Nintendo's big E3 surprise comes in little box

The onetime gaming leader stakes claim to pocket gaming, and makes a bid against Sony, Microsoft for next-gen console. Photos: Nintendo talking 'bout a Revolution

LOS ANGELES--Nintendo, once the unrivaled king of the home video game business, released details of its planned new game console and unveiled a new mini-portable device called the Game Boy Micro.

Nintendo's crowded event at the Kodak Theater here was aimed at taking back some of the buzz captured by Microsoft and Sony , each of which unveiled powerful next-generation game consoles within the past week. But Tuesday's display of the tiny new game player, smaller than an iPod Mini, took many by surprise. (Click here to listen to News.com reporter Rick Shim's audio report from E3.)

The mini-console is aimed at a generation of game players increasingly accustomed to carrying tiny cell phones loaded with games in their pockets--something that's nearly impossible to do with the larger and more powerful PlayStation Portable from Sony.

Nintendo Revolution

"No matter how tight your jeans are, the Game Boy Micro will fit in them," said Reggie Fils-Aime, Nintendo of America's executive vice president of sales and marketing. "We created the portable game space and we're not moving out."

As for the new Nintendo console, it's still known by its code name, "Revolution." It will be significantly smaller than its rivals', about the size of several stacked DVD cases, and will come in several as-yet-undetermined colors.

The Revolution will play DVDs, have built-in Wi-Fi and an SD memory card slot, and 512MB of flash memory. Executives said Nintendo would offer a free online gaming service, helping to accelerate the move of console gaming to the Net.

Company executives said the console will be released in 2006 . The cost, which was not disclosed, may partly depend on how Sony and Microsoft price their consoles.

The Revolution is critical for Nintendo, which has fared the most poorly of the three major console companies over the past few years.

While retaining significant loyalty among a core audience, particularly younger children and fans of a few Nintendo-only titles such as the "Zelda" series, the company has seen its share of the market plunge.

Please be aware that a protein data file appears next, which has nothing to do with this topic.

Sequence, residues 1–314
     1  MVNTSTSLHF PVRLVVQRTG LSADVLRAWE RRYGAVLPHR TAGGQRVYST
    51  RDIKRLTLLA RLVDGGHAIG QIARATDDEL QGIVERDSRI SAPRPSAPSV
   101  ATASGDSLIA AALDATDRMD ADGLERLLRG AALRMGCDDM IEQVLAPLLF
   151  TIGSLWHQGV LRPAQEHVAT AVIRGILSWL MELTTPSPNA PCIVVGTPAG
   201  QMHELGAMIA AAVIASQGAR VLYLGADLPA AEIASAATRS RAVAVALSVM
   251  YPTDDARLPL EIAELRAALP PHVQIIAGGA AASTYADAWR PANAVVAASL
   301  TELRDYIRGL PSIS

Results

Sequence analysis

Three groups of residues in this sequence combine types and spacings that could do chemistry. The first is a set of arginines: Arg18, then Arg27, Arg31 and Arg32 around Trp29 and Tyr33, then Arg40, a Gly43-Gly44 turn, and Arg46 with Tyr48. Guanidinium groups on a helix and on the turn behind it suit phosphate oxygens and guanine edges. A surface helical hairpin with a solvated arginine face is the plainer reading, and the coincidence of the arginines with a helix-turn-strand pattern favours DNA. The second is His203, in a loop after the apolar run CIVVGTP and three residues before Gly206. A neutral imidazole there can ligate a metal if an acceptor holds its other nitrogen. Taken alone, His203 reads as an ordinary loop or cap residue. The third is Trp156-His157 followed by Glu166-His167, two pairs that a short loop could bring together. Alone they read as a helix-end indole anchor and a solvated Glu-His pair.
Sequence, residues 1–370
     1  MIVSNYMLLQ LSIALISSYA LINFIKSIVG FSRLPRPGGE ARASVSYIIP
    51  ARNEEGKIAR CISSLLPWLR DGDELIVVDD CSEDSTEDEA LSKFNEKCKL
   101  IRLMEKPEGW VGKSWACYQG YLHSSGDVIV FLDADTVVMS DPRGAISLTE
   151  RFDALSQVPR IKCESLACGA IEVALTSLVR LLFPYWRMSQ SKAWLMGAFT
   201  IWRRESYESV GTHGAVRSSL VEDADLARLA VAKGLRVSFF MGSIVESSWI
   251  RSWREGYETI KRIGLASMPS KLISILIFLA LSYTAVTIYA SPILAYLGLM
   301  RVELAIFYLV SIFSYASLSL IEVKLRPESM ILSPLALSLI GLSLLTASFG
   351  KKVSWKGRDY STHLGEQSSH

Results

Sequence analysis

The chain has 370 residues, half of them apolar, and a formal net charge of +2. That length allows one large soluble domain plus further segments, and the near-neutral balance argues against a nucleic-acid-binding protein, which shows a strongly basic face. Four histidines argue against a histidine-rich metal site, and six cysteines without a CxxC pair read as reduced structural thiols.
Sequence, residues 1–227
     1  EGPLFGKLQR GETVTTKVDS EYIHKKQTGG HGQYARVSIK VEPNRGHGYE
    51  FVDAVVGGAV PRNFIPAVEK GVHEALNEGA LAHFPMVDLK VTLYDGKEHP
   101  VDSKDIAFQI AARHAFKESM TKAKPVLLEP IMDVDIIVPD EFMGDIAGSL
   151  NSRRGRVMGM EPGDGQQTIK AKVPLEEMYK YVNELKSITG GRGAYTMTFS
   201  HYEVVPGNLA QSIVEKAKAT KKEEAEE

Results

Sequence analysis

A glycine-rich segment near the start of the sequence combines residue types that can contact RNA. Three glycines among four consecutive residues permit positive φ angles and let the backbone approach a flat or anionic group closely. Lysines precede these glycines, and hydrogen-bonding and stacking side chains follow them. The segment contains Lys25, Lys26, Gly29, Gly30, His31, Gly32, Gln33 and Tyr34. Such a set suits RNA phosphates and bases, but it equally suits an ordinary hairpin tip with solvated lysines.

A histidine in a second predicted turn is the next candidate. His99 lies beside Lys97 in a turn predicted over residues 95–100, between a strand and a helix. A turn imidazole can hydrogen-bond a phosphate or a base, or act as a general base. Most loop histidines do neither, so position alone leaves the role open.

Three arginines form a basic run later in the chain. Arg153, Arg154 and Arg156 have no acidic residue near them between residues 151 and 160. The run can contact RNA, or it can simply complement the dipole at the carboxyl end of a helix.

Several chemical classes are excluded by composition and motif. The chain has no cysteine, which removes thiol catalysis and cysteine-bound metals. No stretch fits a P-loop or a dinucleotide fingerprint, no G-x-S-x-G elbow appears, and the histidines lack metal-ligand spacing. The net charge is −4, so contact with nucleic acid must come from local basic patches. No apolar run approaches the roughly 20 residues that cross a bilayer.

According to Jupiter Research, Sony led in the United States with 43 percent of the games console market at the end of 2004, followed by Microsoft with 19 percent, and Nintendo's GameCube with 14 percent. Nintendo's Game Boy still dominates the handheld gaming market, although Sony's new PlayStation Portable has raised a serious threat to that crown.

Nintendo's new console will be built around a new IBM processor and a graphics chip from ATI. The company did not initially provide detailed specifications on the guts, however.

The company is taking a less technology-focused approach than Sony and Microsoft, which are touting the processor-heavy, high-definition quality of their graphics. Nintendo President Satoru Iwata alluded to the spiraling costs of developing games for the other platforms, and said his system might compete differently.

"Development costs are pushing into eight figures, and developers are endangered," Iwata said. With the Revolution, "big ideas can prevail over big budgets," he added.

Much of the response to the console, as with its rivals, will depend on what games will initially be available. Executives said that a Super Smash Brothers title would be available on the Revolution, as well as titles using familiar characters and franchises such as Mario, Zelda and Metroid.

The Revolution will be backward-compatible with games created for the GameCube, and fans will also be able to download games from earlier consoles, the company said.

The Game Boy Micro will have the same processing power and play the same games as the Game Boy Advance SP. At 4 inches wide and 2 inches tall, with a 2-inch screen, it will weigh about 2.8 ounces, or about the same as 80 paper clips, the company said. It will be released this fall.

Richard Shim reported from Los Angeles. John Borland reported from San Francisco.
 

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